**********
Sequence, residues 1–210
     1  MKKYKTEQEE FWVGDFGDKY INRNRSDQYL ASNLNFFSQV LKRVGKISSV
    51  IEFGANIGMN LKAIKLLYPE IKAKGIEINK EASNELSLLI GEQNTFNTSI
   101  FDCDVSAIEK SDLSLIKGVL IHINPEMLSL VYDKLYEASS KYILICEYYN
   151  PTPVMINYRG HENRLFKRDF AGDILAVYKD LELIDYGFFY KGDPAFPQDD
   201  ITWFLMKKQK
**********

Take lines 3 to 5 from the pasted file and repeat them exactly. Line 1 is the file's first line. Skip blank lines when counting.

    51  IEFGANIGMN LKAIKLLYPE IKAKGIEINK EASNELSLLI GEQNTFNTSI
   101  FDCDVSAIEK SDLSLIKGVL IHINPEMLSL VYDKLYEASS KYILICEYYN
   151  PTPVMINYRG HENRLFKRDF AGDILAVYKD LELIDYGFFY KGDPAFPQDD